**The European Central Bank’s significant holdings of Greek government bonds have left it exposed to considerable risks, much more than the markets or what we read in the business press would lead us to believe (perhaps 100 billion euros).
The currency of a country whose central bank has suffered a mortal blow has little chance of survival. Athens understands this very well and takes advantage of it. Why should Europe give to Greek politicians, who clearly have shown no intention of introducing reforms worthy of the name, a weapon that can be turned against her? We must protect the ECB, and now.
Of course, giving guarantees would entail a risk to the taxpayer, and that is precisely what explains the immobility of Europe’s leaders.**
The cunning game played by Greek politicians
They must grasp, though, that if they take this threat out of the hands of their blackmailers, the risk they are exposed to will lessen. If the Greek politicians perceive that their cunning little game is not working, they might change their tone and make real efforts to undertake reforms.
The European taxpayer will then get a good deal: giving guarantees, as discussed above, lowers the risk of a costly default. Prevention is better than cure.
Putting larger amounts into the European Stability Mechanism (MES), the permanent relief fund [to come into force July 1], will on the contrary save money. And committing more money to protect the ECB would, for the same reasons, also save money. This is what is called "promising to increase spending," but that does not mean that the money will actually be spent.
Whether Greece defaults or not, the Germans want to exclude it from the eurozone and are trying to gain time to bring Italy and Spain on-side to get those countries’ support in coping with the turbulence that Greece’s exit may provoke. But that very fear could merely speed up a default by Greece. Like a bee about to die, it can still inflicts a fatal sting.
European policymakers cannot afford the risk that Greece, feeling that it is about to excluded from the euro, will launch a final attack like a dying bee and default. They must protect the ECB from what could be a fatal sting.
Guarantees for the ECB
**The International Monetary Fund (IMF) is also entering this game. The more Europe protects itself, the less likely the possibility that the IMF will intervene with an additional contribution to the bailout funds. European leaders are reluctant to seek a greater contribution from the IMF. For the ECB, though, it’s a dangerous game. If the IMF decides not to put in additional funds and Greece does default, the ECB will be totally exposed. Better to take protective measures and let the IMF play the cards it wants to play.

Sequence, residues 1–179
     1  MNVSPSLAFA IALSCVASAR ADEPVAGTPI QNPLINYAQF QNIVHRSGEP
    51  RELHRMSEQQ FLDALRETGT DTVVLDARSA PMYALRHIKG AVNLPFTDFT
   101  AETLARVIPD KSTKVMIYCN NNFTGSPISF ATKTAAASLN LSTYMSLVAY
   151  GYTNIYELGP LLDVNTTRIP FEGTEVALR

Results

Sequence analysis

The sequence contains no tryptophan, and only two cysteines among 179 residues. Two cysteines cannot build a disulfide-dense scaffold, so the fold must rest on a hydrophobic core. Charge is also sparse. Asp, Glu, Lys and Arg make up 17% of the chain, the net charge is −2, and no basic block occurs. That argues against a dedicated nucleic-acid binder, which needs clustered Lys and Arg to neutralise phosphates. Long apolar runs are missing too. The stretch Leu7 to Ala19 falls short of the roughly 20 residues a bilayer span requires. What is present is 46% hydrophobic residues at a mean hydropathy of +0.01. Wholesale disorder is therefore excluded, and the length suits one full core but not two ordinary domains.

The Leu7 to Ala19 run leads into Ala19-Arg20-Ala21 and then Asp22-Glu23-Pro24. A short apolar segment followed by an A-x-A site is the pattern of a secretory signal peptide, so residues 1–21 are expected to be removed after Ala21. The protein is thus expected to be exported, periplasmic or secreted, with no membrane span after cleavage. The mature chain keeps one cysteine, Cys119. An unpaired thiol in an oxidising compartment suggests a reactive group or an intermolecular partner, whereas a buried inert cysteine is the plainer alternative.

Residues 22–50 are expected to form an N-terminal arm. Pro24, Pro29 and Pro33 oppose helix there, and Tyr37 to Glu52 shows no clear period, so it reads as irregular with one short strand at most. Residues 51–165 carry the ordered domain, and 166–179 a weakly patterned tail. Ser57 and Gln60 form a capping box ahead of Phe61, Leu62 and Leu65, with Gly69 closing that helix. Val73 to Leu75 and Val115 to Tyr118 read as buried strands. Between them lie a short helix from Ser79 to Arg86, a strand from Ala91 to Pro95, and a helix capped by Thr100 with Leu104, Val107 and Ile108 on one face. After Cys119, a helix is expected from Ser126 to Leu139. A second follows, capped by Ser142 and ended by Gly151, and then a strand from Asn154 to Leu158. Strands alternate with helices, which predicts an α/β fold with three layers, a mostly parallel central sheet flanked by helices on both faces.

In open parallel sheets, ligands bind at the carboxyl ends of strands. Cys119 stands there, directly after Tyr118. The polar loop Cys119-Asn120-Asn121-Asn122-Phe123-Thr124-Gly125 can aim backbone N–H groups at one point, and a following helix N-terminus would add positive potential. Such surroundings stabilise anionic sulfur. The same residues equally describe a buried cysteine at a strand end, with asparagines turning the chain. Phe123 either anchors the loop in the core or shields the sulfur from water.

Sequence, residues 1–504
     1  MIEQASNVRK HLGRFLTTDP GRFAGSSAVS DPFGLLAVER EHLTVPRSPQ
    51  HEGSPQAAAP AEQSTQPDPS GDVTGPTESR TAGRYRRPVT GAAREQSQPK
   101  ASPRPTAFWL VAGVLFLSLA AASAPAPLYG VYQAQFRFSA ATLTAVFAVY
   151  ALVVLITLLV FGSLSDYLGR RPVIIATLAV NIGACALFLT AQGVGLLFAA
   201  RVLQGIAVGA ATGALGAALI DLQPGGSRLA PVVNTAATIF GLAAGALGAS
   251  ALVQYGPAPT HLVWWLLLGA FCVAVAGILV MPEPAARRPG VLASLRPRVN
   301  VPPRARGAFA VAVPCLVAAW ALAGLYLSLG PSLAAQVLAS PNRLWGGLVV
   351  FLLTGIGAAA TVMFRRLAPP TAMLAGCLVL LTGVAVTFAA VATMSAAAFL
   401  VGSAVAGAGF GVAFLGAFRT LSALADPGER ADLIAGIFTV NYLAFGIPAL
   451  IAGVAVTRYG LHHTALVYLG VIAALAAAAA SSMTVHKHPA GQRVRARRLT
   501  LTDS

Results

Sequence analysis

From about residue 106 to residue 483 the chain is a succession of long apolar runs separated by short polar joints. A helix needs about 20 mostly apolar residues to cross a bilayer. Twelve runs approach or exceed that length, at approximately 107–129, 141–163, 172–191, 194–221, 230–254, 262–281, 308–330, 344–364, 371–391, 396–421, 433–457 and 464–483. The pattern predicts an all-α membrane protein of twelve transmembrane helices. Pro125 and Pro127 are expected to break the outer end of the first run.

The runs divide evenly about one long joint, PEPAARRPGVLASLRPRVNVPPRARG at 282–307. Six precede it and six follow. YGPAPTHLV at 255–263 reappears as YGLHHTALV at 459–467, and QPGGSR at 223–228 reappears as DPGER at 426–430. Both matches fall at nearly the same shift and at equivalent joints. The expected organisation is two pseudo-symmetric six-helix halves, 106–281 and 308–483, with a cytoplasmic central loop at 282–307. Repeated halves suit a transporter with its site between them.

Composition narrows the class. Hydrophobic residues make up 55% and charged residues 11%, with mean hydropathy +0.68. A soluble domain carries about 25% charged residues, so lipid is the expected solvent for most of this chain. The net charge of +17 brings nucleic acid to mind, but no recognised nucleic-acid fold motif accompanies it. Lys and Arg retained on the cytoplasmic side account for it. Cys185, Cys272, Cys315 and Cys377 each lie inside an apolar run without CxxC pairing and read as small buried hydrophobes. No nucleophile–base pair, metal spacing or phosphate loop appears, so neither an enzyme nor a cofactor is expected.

The factor that could most swiftly trigger a Greek default could be a dispute over the losses that private investors in Greek bonds would have to accept if the relief fund had to be deployed for Greece.
Agreement alone, however, is unlikely to be enough to stave off a default. The haircut for private investors would be so large that the rating agencies would not be able to call it "voluntary”, and would therefore claim that it is a form of default. No one knows what this could entail. It could trigger mechanisms to compensate the bond holders for their losses, and it could nullify the ECB guarantees for banks. In this climate of uncertainty, protecting the ECB is the top priority.
Almost all the attempts by European leaders so far have failed, which explains why the crisis persists. This may be their last chance. If they fail to demonstrate greater competence in defending the ECB, it may be too late both for it and for the euro. The ECB must be able to use tax revenues. The time to provide guarantees to the ECB is now.**
EU in a vicious circle
The fiscal pact is a great disappointment, a “pretext for the EU not to build a solidarity-based political union”, laments Gazeta Wyborcza. Commenting on the recent EU summit, the leading Warsaw daily devotes much space to Germany’s unpopular idea to appoint a special eurozone commissioner for Greece in return for financial aid for Athens.
“The idea of a ‘Greek supervisor’ is unfeasible, but it shows that the crisis suggests solutions that undermine the EU instead of uniting it politically”, writes Gazeta, wondering what has happened to the “new Marshall plan” for Athens, which was announced in July 2011 and was supposed to help create jobs and train the unemployed.
“The case of small Greece, which the powerful monetary union has been unable to help, discredits the eurozone in investors’ eyes. The fiscal pact won’t change this”, concludes the Warsaw daily.